“Public health experts have been sounding the alarm that the antibiotics we all depend on to fight off deadly infections are losing their power,” kicks off an op-ed penned by Jean Halloran of Consumers Union in the the San Francisco Chronicle today.
While doctors are trying to reduce the spread of antibiotic-resistant superbugs by only prescribing the drugs to humans “only when absolutely necessary,” livestock are routinely given antibiotics to make them grow faster and to prevent disease in often crowded conditions on today’s factory farms.
According to the Centers for Disease Control and Prevention and virtually every respected medical and public health organization, we must curtail the use of antibiotics in livestock in order to preserve the effectiveness of these drugs to treat disease.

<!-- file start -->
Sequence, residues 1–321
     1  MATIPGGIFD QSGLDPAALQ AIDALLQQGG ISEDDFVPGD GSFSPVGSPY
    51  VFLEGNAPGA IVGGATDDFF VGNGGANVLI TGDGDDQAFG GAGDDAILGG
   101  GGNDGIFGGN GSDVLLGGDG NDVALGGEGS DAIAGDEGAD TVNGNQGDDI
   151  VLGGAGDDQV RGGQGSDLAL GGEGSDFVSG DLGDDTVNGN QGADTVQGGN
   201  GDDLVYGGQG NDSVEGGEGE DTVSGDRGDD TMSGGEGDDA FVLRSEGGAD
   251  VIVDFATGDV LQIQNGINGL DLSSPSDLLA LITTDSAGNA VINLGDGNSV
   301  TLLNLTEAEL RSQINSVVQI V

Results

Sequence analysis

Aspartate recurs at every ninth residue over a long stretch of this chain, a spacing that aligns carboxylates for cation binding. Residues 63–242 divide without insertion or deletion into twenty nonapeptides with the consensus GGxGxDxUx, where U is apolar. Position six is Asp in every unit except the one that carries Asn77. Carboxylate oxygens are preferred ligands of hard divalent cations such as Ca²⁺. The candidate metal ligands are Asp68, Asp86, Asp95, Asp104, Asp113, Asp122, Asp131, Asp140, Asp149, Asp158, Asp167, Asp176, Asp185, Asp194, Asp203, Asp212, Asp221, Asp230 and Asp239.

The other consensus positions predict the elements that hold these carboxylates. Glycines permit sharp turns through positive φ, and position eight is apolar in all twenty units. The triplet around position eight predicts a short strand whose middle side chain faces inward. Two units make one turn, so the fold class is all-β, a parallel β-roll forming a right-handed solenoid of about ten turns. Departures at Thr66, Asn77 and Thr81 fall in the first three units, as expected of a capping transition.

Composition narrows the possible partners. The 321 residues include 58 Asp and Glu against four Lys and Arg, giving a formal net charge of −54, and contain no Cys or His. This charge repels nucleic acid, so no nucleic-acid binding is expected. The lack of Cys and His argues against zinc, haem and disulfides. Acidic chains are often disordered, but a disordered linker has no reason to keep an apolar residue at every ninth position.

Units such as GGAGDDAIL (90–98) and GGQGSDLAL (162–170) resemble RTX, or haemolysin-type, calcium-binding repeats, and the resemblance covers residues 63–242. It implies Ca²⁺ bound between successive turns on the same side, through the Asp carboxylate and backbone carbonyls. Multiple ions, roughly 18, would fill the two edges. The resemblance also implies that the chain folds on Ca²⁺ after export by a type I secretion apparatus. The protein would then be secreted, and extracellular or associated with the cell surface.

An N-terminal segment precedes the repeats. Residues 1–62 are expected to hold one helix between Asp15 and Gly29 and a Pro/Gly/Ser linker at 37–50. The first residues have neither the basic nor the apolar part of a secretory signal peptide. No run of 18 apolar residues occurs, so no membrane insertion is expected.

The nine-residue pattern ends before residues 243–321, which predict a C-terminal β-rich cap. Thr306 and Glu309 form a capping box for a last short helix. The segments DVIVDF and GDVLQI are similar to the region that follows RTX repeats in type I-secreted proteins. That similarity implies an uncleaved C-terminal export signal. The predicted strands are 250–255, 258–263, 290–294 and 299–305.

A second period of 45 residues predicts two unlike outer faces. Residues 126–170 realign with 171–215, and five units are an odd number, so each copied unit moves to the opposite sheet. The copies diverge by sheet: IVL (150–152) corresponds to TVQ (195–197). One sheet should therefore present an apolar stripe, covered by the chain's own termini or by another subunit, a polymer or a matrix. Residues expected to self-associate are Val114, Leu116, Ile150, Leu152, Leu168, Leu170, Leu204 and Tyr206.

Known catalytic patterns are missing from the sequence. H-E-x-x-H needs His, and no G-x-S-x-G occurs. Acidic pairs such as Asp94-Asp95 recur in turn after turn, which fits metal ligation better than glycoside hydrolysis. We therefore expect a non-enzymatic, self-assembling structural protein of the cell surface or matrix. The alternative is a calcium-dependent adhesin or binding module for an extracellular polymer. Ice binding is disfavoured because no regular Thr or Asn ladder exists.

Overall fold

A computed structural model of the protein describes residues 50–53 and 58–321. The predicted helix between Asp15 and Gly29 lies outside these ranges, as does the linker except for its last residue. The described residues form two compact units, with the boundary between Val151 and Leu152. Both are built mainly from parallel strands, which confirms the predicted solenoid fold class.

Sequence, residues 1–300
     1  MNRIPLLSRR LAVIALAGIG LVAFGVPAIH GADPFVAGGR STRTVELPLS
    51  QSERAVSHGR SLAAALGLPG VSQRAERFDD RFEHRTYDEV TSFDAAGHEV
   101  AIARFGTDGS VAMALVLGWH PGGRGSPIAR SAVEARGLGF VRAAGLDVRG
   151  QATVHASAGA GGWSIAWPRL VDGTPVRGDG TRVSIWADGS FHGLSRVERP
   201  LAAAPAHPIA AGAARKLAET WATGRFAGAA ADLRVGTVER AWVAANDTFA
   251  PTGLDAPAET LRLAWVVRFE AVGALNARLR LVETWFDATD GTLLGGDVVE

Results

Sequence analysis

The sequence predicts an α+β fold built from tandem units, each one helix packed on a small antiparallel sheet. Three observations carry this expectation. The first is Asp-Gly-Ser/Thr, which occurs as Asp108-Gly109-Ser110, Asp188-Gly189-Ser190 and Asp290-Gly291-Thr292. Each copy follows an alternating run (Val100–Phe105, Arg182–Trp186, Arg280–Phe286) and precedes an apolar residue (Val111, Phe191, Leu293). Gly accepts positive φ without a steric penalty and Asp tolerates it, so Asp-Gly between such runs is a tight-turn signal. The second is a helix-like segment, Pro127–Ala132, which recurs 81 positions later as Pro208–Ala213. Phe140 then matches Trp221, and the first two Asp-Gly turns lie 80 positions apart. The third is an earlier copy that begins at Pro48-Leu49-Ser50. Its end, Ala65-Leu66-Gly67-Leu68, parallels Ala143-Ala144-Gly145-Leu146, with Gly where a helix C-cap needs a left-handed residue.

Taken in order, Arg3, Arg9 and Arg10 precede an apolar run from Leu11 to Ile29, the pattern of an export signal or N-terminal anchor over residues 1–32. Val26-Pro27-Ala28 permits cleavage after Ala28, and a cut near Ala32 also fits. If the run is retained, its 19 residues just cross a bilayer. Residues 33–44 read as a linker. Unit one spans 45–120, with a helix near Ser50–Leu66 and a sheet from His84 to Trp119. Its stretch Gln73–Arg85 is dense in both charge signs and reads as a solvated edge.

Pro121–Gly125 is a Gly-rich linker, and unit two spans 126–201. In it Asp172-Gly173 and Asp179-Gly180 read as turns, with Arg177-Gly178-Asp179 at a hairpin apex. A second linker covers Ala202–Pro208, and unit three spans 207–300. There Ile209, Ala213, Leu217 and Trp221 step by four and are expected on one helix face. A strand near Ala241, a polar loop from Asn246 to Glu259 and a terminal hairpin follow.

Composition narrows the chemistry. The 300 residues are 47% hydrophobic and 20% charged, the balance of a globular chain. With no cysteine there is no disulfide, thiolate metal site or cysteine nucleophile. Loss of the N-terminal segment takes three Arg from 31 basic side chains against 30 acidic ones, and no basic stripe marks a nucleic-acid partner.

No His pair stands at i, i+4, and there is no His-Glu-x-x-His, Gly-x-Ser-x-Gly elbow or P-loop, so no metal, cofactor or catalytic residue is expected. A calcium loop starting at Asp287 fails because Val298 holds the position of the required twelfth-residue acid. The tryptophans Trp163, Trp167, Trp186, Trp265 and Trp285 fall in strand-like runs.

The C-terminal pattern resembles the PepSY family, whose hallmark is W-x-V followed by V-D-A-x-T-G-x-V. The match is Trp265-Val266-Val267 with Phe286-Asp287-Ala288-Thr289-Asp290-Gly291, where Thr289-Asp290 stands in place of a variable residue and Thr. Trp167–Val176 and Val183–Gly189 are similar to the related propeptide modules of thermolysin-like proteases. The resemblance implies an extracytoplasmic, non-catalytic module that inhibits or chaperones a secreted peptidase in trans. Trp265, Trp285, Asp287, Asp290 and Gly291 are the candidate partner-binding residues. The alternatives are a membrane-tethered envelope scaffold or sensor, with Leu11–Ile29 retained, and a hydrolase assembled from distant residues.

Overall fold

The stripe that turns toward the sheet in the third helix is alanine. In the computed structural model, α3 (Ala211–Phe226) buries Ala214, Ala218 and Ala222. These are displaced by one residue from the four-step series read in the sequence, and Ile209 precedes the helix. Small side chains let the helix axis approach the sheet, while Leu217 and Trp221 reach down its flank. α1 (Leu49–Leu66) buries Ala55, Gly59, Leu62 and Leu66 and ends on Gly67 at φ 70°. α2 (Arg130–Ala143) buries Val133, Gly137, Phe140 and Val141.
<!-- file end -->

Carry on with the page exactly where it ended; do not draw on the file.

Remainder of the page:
The piece calls on grocery stores to be a part of the solution and only source meat from suppliers who don’t abuse antibiotics in meat production.
As long as grocery stores continue to sell meat from animals that are routinely fed antibiotics, they will be contributing to the development and spread of antibiotic resistance. So far, Whole Foods is the only major grocer to take a stand on this important public health issue by only selling meat and poultry raised without antibiotics. If more grocery stores follow suit, it could help turn the tide.
Shoppers are encouraged to push their supermarkets to do the right thing too:
Of course, consumers can help move the marketplace through their own purchasing decisions. So the next time you shop at your local grocery store, tell the manager you want your meat from animals that haven’t been routinely fed antibiotics.
Read the full piece here.